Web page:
In 2013, more than $156 million in counterfeit U.S. currency made it's way into circulation globally before being seized. The modern day counterfeiter is operating in a world of accelerating technology and instant information. Edward Lowery is special agent in charge of the Criminal Investigations Division at the Secret Service. He joined Tom Temin on the Federal Drive to discuss how counterfeit criminals have evolved.
The violence in Ferguson, Missouri, has drawn attention to many issues. One is whether local police departments have too many military-style weapons and other equipment originally intended for use on the battlefield. Now, Rep. Hank Johnson (D-Ga.) plans to introduce a bill to limit what military equipment can be acquired by local police. Tim Devaney, staff writer for the Hill Newspaper, joined Tom Temin on the Federal Drive with details.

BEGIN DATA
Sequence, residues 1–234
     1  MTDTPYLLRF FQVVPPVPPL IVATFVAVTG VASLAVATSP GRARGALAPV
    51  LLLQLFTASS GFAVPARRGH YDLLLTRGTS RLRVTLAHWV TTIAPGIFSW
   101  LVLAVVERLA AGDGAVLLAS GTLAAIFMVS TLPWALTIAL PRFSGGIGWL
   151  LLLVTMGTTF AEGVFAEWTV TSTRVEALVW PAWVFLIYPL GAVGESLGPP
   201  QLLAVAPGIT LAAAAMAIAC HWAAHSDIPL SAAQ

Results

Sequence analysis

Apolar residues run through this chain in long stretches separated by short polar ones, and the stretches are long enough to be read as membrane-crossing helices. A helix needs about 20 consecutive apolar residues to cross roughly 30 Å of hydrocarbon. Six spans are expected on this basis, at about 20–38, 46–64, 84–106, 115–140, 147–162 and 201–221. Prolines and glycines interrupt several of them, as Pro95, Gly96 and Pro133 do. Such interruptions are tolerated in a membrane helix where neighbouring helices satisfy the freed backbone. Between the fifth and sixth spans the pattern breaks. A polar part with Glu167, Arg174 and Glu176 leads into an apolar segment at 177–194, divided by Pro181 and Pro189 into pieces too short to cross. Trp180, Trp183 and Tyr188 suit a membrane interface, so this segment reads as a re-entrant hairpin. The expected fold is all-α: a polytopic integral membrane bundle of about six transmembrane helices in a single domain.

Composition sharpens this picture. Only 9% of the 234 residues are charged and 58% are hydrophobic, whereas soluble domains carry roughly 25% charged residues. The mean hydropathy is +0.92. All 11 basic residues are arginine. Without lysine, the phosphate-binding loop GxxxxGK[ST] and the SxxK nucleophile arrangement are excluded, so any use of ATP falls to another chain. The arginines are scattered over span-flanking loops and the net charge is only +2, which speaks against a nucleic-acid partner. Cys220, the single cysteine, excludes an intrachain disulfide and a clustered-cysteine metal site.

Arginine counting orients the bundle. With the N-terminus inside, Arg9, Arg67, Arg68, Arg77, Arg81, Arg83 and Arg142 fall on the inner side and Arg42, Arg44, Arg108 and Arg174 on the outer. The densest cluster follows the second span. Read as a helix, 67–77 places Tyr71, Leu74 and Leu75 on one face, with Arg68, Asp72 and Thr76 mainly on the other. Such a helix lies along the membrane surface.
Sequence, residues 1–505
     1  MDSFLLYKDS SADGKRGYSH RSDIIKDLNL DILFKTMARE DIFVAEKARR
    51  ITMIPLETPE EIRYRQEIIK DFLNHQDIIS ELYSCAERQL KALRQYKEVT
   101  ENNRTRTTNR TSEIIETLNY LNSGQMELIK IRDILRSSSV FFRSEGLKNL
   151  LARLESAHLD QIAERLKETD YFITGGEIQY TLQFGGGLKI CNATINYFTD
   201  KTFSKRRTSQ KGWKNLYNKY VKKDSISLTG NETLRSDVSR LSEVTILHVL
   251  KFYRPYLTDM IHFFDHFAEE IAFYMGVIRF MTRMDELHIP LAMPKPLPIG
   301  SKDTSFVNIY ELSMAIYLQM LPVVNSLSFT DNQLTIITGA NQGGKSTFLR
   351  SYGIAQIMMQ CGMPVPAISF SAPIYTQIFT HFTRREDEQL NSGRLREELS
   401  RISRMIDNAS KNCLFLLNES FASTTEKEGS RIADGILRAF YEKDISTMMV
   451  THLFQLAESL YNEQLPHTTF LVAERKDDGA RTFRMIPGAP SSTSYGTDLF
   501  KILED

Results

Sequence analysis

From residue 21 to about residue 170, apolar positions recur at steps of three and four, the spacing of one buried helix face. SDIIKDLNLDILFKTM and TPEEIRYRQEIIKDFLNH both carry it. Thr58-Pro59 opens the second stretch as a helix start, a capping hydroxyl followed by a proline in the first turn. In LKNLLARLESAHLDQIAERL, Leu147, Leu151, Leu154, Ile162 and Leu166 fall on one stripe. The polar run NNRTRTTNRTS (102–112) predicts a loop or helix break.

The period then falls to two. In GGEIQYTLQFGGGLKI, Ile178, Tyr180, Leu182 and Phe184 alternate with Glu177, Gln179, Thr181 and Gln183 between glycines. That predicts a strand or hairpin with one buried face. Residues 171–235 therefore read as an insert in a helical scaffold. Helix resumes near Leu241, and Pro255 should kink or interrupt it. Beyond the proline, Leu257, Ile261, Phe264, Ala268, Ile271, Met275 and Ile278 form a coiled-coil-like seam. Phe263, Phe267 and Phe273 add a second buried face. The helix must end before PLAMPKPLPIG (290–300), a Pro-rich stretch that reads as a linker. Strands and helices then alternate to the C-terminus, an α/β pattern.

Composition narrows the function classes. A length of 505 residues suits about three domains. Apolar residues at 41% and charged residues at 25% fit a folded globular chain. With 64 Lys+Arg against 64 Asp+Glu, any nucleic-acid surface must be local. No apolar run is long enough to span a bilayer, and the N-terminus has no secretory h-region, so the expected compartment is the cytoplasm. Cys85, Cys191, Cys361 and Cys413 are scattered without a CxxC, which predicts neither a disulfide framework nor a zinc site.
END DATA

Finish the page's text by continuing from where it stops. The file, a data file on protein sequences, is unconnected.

Inspectors General are encountering speed bumps in their daily routines. Forty-seven IGs say they are having a hard time getting documents from their respective agencies in order to complete their work. Agencies include the Peace Corps, Environmental Protection Agency and the Justice Department. Now, the IGs are asking the Office of Management and Budget for help. Michael Bromwich is founder and managing principal of the Bromwich Group and an experienced federal troubleshooter. He joined Tom Temin on the Federal Drive to clarify the relationship between IGs and agencies.
The Director of Naval intelligence, Vice Adm. Ted Branch, is now in his ninth month on the job with no access to classified information. Last November the Navy announced that Branch was one of the officials they were investigating in the fraud and bribery scandal involving ship husbanding. Federal News Radio's Jared Serbu joined Tom Temin on the Federal Drive to discuss this story, which he covered in this week's edition of Inside the DoD Reporter's Notebook.